Using risk management as a catalyst for innovation may seem counterintuitive, but a recent Accenture survey of executives across 10 industries including manufacturing revealed that, in addition to managing compliance, risk management is seen as an enabler of long-term growth and profitability. An overwhelming 91 percent of those surveyed feel that the risk management organization is important to infusing the desired risk culture into a company to support its innovation platform. Furthermore, the same percentage believes that strong risk management enables long-term profitable growth, while 85 percent think that it is critical to achieving a competitive advantage.
Typically, risk management has been viewed as the enemy of the ‘innovation ideal’. Major companies are often complex global enterprises held together by a battery of controls. The side effects of such a structure can be toxic to innovation, creating a decidedly risk-averse culture that stymies the discipline’s lifeblood, creativity. Some organizations also employ the “funnel” process, using a series of stage gates designed to reduce uncertainty as exposure to risk grows. For many companies, the funnels end up producing only weak, incremental ideas that often come to market slowly and miss cost targets.
However, if properly used, the fusion of innovation and risk management can aid industrial manufacturers in avoiding these scenarios and play a major role in accelerating their ability to produce the kinds of innovative products that spur growth.
There are three fundamental principles industrial companies should practice that will help them harness risk management to drive higher value from their innovation initiatives. These include flexibility, speed and control.
Flexibility. Companies should apply risk management to introduce more flexibility into their portfolios and avoid using the “funnel” to construct an innovation portfolio consisting only of incremental / low-value initiatives. Instead, they should develop and refine processes that identify gaps in portfolios, such as competitive vulnerabilities, both from a product and geographic standpoint, to balance their portfolios with the right product mix, thus reducing risk.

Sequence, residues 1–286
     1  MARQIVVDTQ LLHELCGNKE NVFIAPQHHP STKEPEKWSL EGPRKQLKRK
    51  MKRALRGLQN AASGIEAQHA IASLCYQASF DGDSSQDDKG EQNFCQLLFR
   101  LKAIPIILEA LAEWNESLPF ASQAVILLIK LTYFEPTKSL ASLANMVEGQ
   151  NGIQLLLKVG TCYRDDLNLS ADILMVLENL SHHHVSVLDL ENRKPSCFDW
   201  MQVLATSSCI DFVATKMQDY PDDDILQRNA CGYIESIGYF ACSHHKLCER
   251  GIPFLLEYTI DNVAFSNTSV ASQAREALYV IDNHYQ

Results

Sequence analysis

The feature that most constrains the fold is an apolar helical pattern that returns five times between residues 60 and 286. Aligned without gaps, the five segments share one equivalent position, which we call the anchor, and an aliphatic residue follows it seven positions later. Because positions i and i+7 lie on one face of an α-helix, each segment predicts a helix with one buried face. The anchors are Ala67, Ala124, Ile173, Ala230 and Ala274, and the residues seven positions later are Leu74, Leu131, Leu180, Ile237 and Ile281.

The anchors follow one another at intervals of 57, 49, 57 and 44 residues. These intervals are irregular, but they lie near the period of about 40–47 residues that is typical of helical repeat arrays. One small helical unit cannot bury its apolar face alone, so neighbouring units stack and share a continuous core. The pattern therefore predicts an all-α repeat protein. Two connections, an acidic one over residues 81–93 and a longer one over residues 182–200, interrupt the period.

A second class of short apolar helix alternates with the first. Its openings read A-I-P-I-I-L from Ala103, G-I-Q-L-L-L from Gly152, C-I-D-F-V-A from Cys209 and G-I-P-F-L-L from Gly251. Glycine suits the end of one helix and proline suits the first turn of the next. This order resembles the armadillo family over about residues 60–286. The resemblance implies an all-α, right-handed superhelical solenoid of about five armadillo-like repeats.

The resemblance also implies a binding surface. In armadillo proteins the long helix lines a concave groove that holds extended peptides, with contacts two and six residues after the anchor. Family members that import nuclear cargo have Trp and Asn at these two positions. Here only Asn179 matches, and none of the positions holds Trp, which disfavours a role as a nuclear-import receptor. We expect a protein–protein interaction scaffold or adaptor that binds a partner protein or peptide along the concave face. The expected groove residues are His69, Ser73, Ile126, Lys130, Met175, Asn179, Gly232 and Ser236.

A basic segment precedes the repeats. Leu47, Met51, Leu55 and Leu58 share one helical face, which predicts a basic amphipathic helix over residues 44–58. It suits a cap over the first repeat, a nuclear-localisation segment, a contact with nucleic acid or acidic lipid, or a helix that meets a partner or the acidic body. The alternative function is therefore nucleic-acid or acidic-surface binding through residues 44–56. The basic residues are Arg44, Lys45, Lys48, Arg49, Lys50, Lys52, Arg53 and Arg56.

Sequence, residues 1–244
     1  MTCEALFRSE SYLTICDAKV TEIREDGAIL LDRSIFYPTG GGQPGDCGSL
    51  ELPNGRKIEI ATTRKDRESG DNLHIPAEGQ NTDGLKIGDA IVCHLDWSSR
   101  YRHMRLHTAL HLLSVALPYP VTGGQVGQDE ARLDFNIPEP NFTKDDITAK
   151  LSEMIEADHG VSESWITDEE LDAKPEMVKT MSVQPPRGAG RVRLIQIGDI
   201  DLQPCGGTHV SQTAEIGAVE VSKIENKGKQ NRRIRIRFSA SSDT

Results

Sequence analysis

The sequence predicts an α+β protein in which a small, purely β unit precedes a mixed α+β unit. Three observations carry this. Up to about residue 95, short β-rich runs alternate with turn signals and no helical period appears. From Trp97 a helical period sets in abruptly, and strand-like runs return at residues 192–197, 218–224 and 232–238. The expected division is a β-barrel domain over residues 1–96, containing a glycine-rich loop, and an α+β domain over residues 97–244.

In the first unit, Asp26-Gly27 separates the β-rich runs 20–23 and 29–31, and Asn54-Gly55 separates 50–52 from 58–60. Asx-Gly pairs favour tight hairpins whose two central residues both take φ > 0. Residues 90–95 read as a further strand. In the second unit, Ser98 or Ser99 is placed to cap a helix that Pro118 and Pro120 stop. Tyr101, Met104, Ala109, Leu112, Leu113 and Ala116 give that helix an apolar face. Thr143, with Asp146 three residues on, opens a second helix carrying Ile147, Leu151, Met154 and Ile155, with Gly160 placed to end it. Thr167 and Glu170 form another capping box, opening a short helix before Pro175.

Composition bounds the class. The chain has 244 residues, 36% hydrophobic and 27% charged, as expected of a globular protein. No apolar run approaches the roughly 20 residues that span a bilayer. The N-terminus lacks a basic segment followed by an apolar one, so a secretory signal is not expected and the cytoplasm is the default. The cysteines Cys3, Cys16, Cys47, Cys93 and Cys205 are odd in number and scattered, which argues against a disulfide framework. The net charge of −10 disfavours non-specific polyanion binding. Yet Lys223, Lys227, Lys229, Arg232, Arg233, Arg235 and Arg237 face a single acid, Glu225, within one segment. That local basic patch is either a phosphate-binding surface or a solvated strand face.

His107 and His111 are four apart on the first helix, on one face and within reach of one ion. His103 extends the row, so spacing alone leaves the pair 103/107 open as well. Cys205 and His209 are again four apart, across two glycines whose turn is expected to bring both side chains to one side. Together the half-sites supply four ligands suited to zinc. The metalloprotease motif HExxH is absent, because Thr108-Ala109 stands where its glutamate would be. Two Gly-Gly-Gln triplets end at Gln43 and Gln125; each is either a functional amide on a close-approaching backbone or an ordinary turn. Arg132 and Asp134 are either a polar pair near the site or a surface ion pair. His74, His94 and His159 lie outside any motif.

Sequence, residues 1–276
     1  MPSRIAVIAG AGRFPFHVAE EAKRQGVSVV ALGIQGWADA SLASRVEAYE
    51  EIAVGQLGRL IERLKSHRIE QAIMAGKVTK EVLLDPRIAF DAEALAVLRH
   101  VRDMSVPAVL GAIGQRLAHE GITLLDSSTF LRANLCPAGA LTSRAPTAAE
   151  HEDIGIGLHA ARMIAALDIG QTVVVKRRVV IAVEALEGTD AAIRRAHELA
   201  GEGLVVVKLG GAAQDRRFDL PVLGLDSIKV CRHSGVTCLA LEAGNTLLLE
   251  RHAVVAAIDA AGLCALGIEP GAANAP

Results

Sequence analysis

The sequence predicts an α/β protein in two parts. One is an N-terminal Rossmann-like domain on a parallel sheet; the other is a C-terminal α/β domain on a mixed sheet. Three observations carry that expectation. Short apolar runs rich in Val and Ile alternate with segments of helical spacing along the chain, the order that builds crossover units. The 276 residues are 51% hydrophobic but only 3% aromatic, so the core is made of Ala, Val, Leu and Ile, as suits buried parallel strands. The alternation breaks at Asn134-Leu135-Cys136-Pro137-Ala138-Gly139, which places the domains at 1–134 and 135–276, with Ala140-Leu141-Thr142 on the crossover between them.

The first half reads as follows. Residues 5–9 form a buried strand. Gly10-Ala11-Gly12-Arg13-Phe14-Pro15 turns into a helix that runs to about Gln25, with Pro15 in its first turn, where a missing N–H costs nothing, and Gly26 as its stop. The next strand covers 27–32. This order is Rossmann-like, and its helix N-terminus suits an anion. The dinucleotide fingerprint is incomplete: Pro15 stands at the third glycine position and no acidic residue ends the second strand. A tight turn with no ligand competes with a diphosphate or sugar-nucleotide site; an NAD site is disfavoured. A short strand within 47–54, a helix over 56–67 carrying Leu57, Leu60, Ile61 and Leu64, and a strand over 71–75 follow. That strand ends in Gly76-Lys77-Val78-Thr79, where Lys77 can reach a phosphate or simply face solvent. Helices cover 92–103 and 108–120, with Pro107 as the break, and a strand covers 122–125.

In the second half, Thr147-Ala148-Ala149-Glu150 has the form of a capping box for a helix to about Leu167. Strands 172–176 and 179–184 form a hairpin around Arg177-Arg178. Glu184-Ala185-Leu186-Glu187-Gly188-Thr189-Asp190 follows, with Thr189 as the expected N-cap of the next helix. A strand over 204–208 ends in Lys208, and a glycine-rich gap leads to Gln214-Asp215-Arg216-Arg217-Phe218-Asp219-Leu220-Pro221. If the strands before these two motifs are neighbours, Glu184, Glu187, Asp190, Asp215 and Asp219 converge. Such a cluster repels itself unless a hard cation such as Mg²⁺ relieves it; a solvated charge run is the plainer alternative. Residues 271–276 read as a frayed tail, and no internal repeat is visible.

Speed. Successful innovation often requires speed. Using agile development that goes beyond traditional risk controls, industrial manufacturers can increase their chances of filling innovation portfolios with new products, while effectively managing the risk. Agile development is a process that repeatedly gleans valuable insights from customers and markets, drawing regular attention to risks and integrating them into the decision-making process.
One software producer replaced its R&D department stage gates with an agile approach using cross-functional teams that worked regularly with the market to gain greater insights and streamline decisions. As a result, the company was able to increase the frequency of its software product releases, after it had slowed in recent years.
Control. In an innovation culture, companies need to use controls in a way that embraces the logic of intelligent mistakes. In other words, failure should be acknowledged as a part of learning based on the reality that few ideas make it out of the pipeline.
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Encouraging such a risk-tolerant culture also bridges organizational mindsets like finance and operating units that often are at odds. Finance functions are wired to avoid or mitigate risks, while operating functions like product development are responsible for boosting risk taking. Effective risk governance can cross the divide, establishing rules, oversight committees and assessment policies, creating transparency and buy-in throughout the organization.
Innovation is more critical to success than ever, as it is the engine for sustained growth in our industry. Industrial manufacturers that can use risk management as one more way to ratchet up innovation can increase their ability to grow and achieve high performance.
>> James Robbins, email@example.com, is managing director for the automotive industry & industrial equipment industry, North America, with Accenture (www.accenture.com), a global management consulting, technology services and outsourcing company. The Accenture survey referenced is “Stage Gates Can Kill Innovation, Risk Management Can Fuel It,” by Wouter Koetzier, Adi Alon, and Kenneth Hooper, copyright 2012 Accenture.